Lesotho has long been known as a source of diamonds, mostly from alluvial deposits, and was seeing a revival of its diamond mining industry. Geological surveys have revealed a limited variety of other exploitable mineral resources. Mineral production contributed 3% of GDP between 1995 and 2001. In 2001, 1,140 carats of diamond were produced, extracted mostly through rudimentary methods, down from 1,500 in 2000 and 9,660 in 1998. Artisanal miners also produced small amounts of fire clay, gravel, dimension stone, and crushed rock for domestic consumption. Construction was a top industry in 2002. Commercial interest in the mineral resources of Lesotho was limited to diamonds. The Lesotho Geological Survey has identified 33 kimberlite pipes and 140 dikes, of which 24 were diamondiferous.
MineGem Inc., a Canadian firm formerly known as Messina Diamond Corp., operated two locally incorporated companies involved in diamond exploration and development, and held licenses that covered two mineralized zones within the Liqhobong kimberlite area, in the northern highlands. A feasibility study completed in 2000 on Liqhobong's Satellite Pipe project showed an indicated resource of 1.4 million tons of ore at a grade of 69 carats per 100 tons; MineGem was negotiating to obtain financing for a mining operation that could yield 290,000 carats per year. Some alluvial diamonds have been found north of Mokhotlong, where individual and syndicate concession holders were prospecting. In 1977, De Beers Consolidated Mines Ltd. opened the Lets'eng-la-Terae diamond mine, in the Leribe District, which produced 53,714 carats in 1980 and 289,000 carats between 1977 and 1982, when the mine was closed. In 2000, the government, together with Letseng Diamonds (Pty.) Ltd. and its partner, New Mining Corporation of South Africa, a black empowerment group spun off during the unbundling of JCI Ltd., announced plans to reopen mining of the Lets'eng-la-Terae kimberlite pipes; remaining resources included 12 million tons at the satellite pit, 50 million tons of ore in the old main pipe, and 5 million tons of low-grade stockpiled ore left by De Beers. The mine was expected to produce 50,000 carats per year during its 20-year life, with 15% of the diamonds to be mined expected to be larger than 10 carats, and 1.5% larger than 100 carats. In 2002, Consolidated African Mines Limited announced its plans to merge with JCI Gold, and acquired a 40% interest in Letseng Investment Holdings, the holding company of Letseng Diamonds.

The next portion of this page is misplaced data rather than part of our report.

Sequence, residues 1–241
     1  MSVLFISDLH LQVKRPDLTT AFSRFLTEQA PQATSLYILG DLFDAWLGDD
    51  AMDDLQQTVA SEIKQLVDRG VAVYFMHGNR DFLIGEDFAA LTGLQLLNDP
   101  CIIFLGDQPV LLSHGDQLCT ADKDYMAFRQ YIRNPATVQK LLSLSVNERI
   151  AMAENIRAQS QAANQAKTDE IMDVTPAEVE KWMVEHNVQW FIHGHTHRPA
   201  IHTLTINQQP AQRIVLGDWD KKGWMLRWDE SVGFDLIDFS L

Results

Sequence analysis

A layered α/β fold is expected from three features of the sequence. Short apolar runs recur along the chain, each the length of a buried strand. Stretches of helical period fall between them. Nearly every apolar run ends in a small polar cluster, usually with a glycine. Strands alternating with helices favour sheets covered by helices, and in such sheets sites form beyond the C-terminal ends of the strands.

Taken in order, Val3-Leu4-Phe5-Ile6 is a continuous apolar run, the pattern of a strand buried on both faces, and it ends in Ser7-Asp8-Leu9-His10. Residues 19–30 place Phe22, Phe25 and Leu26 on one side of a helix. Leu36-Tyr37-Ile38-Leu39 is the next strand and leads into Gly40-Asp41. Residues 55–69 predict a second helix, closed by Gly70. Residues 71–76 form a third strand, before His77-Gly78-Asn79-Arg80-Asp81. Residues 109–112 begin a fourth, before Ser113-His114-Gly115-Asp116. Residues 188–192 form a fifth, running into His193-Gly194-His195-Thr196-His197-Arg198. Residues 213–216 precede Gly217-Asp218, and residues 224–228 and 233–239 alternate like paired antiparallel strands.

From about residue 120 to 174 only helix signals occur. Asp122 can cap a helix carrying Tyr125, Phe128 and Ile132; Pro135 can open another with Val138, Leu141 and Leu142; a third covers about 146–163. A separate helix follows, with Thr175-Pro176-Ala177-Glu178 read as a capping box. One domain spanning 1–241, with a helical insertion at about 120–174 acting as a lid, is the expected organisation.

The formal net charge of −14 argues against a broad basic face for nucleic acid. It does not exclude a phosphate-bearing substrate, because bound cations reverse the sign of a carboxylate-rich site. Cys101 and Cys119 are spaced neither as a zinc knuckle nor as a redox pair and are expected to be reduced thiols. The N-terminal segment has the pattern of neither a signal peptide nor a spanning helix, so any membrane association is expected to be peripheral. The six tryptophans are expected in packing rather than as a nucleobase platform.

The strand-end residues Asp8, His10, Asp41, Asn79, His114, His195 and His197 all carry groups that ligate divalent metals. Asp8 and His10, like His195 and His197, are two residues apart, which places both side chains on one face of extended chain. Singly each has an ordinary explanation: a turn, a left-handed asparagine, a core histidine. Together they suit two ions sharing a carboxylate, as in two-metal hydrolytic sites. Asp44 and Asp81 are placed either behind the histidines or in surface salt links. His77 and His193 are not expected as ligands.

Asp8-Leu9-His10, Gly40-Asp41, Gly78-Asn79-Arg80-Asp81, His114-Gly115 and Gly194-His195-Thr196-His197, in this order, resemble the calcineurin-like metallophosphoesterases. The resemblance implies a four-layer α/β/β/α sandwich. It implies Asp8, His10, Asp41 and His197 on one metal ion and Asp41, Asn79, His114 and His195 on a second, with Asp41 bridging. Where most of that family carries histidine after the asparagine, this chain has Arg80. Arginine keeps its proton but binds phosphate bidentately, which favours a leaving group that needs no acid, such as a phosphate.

The economy of landlocked Lesotho was based on subsistence agriculture, livestock, and remittances from Basotho miners employed in South African gold mines. However, the restructuring of the South African mining industry and the decline in gold prices have decreased the number of Basotho miners in South Africa from 96,900 in 2001 to 59,900 in 1997, leading to a decline in remittances from $264.2 million to $149.5 million. The revival of the diamond industry in Lesotho showed hope for some new opportunities for Basotho mineworkers and for replacing related lost government revenues. Exploration for iron, coal, and uranium continued.